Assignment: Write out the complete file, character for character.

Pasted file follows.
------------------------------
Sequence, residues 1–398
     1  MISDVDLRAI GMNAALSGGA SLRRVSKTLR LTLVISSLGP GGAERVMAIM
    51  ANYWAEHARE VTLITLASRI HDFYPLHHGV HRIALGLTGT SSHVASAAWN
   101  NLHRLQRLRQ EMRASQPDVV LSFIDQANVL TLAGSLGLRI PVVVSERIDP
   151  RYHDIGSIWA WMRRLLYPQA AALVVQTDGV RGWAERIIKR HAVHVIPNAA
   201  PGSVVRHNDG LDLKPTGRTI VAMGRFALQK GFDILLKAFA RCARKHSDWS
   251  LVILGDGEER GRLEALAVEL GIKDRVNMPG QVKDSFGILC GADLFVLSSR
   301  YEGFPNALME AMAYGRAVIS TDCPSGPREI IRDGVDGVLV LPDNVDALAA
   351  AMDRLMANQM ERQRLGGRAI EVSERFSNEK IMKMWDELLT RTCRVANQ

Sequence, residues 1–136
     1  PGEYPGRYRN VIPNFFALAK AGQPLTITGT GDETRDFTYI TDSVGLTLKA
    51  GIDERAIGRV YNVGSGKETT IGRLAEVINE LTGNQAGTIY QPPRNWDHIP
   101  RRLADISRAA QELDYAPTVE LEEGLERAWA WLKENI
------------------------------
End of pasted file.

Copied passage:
Sequence, residues 1–398
     1  MISDVDLRAI GMNAALSGGA SLRRVSKTLR LTLVISSLGP GGAERVMAIM
    51  ANYWAEHARE VTLITLASRI HDFYPLHHGV HRIALGLTGT SSHVASAAWN
   101  NLHRLQRLRQ EMRASQPDVV LSFIDQANVL TLAGSLGLRI PVVVSERIDP
   151  RYHDIGSIWA WMRRLLYPQA AALVVQTDGV RGWAERIIKR HAVHVIPNAA
   201  PGSVVRHNDG LDLKPTGRTI VAMGRFALQK GFDILLKAFA RCARKHSDWS
   251  LVILGDGEER GRLEALAVEL GIKDRVNMPG QVKDSFGILC GADLFVLSSR
   301  YEGFPNALME AMAYGRAVIS TDCPSGPREI IRDGVDGVLV LPDNVDALAA
   351  AMDRLMANQM ERQRLGGRAI EVSERFSNEK IMKMWDELLT RTCRVANQ

Sequence, residues 1–136
     1  PGEYPGRYRN VIPNFFALAK AGQPLTITGT GDETRDFTYI TDSVGLTLKA
    51  GIDERAIGRV YNVGSGKETT IGRLAEVINE LTGNQAGTIY QPPRNWDHIP
   101  RRLADISRAA QELDYAPTVE LEEGLERAWA WLKENI